Raptors’ New and Old Start Season in Style

Basketball fans! The Toronto Raptors returned to the court this past October, and what a return it has been.  The new kids on the block have been impressive, with rookie big men Pascal Siakam (power forward) and Jakob Poeltl (centre) enjoying more playing time than expected early on. Sophomores Lucas Nogueira (centre) and Norman Powell (guard) have also been major contributors of late, seeing more time on the Raps’ second unit. Superstar guard DeMar DeRozan is tearing up the NBA, having scored 30 or more points in 10 of 12 games. Ranked #46 in the top 100 NBA players by Sports Illustrated, DeRozan has more than disproved this grossly false ranking. The team has combined for an 8-4 record, with three of those losses coming at the hands of the NBA’s best in the Cleveland Cavaliers and Golden State Warriors. All things considered, this is an impressive start to the season despite currently ranking fourth in the East.

The Raptors navigated through a particularly tough stretch of their schedule this week, facing the Cleveland Cavaliers and the Golden State Warriors on a back-to-back before heading out for an easier tilt with the Denver Nuggets merely a day later. The Cavs and Warriors could face one another again in the NBA finals (for the third straight year), so dropping both games was by no means unexpected. In 2015, the Raptors gave the Cavs a run for their money in the Eastern Conference Finals before bowing out in six games. The Raptors are expected to get just as far this year. If they can stay disciplined defensively, there is no reason to doubt they will give LeBron et al. a hard time or even *gasp* finish them off this time around.

Though the rim-protecting play of Bismack Biyombo (now a very rich man) is missed, he is replaced by emerging big Lucas Nogueira; through less than 12 games, Nogueira is averaging just shy of 2 blocks per game. Like starting centre Jonas Valanciunas, Nogueira has soft hands and is often the recipient of a sweet dish from point guards Kyle Lowry and Cory Joseph under the opposing teams basket. And boy does this guy ever throw it down—but not without jumping several feet first. Masai Ujiri and his team emphasized patience with this young, developing player and it seems to be really paying off. This also bodes well for the development of newbie Jakob Poeltl, who has already shown significant promise particularly at the defensive end of the floor.

Now let’s talk small(er) guys. Norman Powell has been sensational guarding the best in the NBA, including Russell Westbrook, Steph Curry and, yes, LeBron James. Comparisons to DeMarre Carroll can certainly be made. Norm’s athleticism makes him a piece of work; he moves his feet freakishly fast while somehow staying in his opponent’s face. Norm is feasibly capable of playing and guarding both shooting guard, and small forward positions. Improvements to his offensive game are still in the works but, nevertheless, we’ve seen him blow right by a fair number of defenders straight to tin. Between him and Carroll, good luck to you LeBron.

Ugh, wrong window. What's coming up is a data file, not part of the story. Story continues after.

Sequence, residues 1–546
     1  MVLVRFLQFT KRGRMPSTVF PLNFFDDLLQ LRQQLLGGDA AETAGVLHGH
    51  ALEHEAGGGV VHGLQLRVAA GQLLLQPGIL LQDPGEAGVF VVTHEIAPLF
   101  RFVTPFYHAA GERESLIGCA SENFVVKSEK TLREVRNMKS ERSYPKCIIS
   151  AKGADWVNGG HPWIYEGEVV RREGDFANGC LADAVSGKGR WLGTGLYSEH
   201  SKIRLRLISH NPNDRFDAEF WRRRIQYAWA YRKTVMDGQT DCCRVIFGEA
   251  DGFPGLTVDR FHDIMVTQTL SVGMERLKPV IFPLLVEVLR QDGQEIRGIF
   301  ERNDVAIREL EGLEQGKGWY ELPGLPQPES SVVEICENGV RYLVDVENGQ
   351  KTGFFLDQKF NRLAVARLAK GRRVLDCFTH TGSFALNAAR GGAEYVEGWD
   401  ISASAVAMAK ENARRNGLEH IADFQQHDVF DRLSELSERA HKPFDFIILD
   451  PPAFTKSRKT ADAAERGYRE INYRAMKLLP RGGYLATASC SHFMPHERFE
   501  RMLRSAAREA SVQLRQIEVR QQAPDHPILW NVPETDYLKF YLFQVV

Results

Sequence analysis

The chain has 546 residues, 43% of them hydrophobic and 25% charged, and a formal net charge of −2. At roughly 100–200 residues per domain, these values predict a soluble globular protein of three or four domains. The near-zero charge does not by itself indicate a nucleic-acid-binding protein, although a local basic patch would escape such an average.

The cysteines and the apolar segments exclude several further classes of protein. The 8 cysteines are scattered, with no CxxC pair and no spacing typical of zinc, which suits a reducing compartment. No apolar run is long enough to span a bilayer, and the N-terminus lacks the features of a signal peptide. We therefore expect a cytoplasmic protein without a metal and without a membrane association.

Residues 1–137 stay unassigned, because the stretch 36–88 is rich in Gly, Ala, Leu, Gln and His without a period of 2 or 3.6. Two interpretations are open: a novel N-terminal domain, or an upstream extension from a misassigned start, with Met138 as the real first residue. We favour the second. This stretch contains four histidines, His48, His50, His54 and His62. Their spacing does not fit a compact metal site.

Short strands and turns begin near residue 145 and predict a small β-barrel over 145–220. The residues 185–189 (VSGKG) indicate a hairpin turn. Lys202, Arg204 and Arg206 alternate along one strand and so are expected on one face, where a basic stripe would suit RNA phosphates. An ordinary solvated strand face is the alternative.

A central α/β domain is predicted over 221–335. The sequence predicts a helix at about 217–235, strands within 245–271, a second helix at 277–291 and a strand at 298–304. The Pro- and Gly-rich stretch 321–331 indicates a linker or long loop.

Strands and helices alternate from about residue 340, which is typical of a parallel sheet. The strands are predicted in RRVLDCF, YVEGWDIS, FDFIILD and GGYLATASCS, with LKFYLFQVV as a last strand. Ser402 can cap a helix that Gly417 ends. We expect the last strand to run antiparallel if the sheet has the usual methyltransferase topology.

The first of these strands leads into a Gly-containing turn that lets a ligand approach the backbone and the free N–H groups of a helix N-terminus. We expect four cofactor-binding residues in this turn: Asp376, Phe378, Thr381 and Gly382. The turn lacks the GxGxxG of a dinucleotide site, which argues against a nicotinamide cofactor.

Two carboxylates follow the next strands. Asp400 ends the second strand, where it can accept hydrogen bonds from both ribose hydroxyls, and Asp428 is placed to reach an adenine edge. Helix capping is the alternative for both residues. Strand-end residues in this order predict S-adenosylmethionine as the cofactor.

Point guards Kyle Lowry and Cory Joseph continue their notoriously reliable play of late, with Kyle averaging more than 7 assists a game.  After a slow first three games which had the critics all a-raving, Kyle stepped on the gas. He’s now up to 18 points a game. To the critics: a) Told you so, and b) Kyle doesn’t need to pitch in huge points since others around him can also score. Case in point: Valanciunas has more than 13 points a game. Terrence Ross has improved this year, pitching in 10 a game.

While this all very impressive thus far, further work is needed. The Raptors still lack the killer instinct needed to really finish off opponents. They have a messy habit of letting teams back into things after opening up leads, particularly in the middle quarters. As Dwane Casey recently put it, “We need to appreciate the 48-minute grind, and need to maintain our defensive mentality.” It all goes back to defense. Though the Raptors have been averaging 109 points per game, that’s with DeMar pitching in 33 a night. Realistically, one simply cannot expect this Jordan-esque level of production night in, night out. The defense needs to shoulder some of the load—meaning, they can’t fall asleep on coverages, and pick and rolls, even if they’re up by 10. Casey knows this and is undoubtedly working tirelessly to instill this in his charges. If they can make the adjustment to 48 minutes of defense, it won’t matter if the ball’s not falling; they will always have a chance to win. This will be critical down the stretch, particularly against the Cavs and in the playoffs.

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